I know that all things work for the good of those who are called according to His purpose. I don’t have to look up that one—I know it’s in Romans somewhere. Like I said, I’m feeling too lazy, too much of a headache to look it up. I trust that it’s true but it doesn’t mean I don’t struggle with it sometimes. I don’t think God is saying that all things are good. No, not by any stretch of the imagination. Death, disease, war, mayhem, cruelty, and heartbreak suck; they are just part of the whole enchilada called the human condition. God knows that this enchilada sucks (even though He probably would not approve of my language—sorry, Lord). What I need to be reminded of is that those things, those wretched human things that suck, don’t matter in the long run. Where I struggle is seeing past today, seeing past the pain of this flawed humanity to the greater glory of God. In the end, none of it will matter. What matters is that God is God and I’m not, He has a plan, and in the long run, when I’ve slipped out of this mortal coil, I’ll get it. But now, while I’m still in the mortal coil and I don’t get it, I want Him to tell me why.

Wednesday, December 10, 2014

Day zero

This was the day. Today I had my dear cat, my darling girl, put to sleep. It was gentle and quick. She was so beautiful lying there after her last breath, the stress and pain were gone from her body. My heartache is too raw today, the house too empty. I will process all of this in time.

Funny how my life has been so steeped in grief. I’ve been grieving the death of my father, the murder of my brother, and the death of my dear Mike. And now I add Miss Kitty to the mix. I’ve been going to a grief support group and doing a lot of reading on sorrow and healing over the past couple of years. There are still more questions than answers. It probably will always be that way.

On this sad, sad day, there are two things that I have seen clearly for the first time.

One is the realization that I have held God responsible for what happens in my life—I shake my fist at Him and ask Him how He can allow such terrible things to happen. Yet, I go to this same God for comfort, I trust Him to carry me through this tumultuous life that He brought about.

My second thought is that today is the day Eva died. Tomorrow will be day one, one day after the day she died. I’ll take it one day at a time.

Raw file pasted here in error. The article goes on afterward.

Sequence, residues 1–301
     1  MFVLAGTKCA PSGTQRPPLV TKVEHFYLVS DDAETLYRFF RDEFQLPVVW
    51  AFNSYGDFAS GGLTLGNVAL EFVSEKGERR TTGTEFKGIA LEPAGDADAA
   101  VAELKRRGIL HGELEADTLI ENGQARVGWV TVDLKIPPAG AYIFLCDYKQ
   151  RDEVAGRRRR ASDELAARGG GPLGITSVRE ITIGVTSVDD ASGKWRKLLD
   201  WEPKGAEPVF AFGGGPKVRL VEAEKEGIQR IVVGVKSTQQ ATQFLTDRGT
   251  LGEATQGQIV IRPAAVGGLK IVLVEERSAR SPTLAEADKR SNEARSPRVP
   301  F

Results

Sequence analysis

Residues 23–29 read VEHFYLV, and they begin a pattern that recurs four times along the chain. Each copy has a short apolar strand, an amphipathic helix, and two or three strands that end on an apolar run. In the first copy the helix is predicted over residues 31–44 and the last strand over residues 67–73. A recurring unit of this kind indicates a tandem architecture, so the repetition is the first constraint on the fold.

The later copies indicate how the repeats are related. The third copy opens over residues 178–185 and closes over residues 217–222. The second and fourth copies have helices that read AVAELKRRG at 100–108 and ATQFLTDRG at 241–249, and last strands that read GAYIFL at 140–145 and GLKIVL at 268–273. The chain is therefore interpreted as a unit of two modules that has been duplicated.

Saturday, December 6, 2014

Dying on a cold cloudy day

Everyone has the right to die in their own unique way. The day is cold and damp, nothing but deep clouds in the sky, not even a hint of sunshine. And Eva spends nearly all of her time resting on her bed with the heated throw to keep her warm. Her body seems to be shrinking before my eyes. She eats little—some rice cooked in beef broth, a little mango yogurt, a few slivers of deli turkey. She drinks a few sips of water. And I keep the death watch. I get up in the middle of the night to check on her, to take her to the bathroom. I don’t sleep much. Even in the middle of the night I usually find her awake, sitting up in her bed, staring vacantly into the darkness. She may acknowledge me when I ask how she’s doing but she turns from me if I try to hold her. She is in her own world it seems, retreating into something that is beyond my understanding.

But it has been her life, and now it’s her death. I don’t own it. The only input I have is how I care for her, how I try to honor her journey. It’s breaking my heart to know that today, tomorrow, soon her final day is coming. I will miss her.

Eva is 17 years old, rather old for a cat. She is beautiful, even still, even though her body is failing fast, I still see that beautiful kitten, that young wild girl in her face. I won’t let her suffer. When the time comes, I will do what she would want me to do. She will tell me when it’s time or she will simply die on her own. I am cherishing these last days while at the same time I am steeped in deep sorrow. My girl, my companion for so many years. . .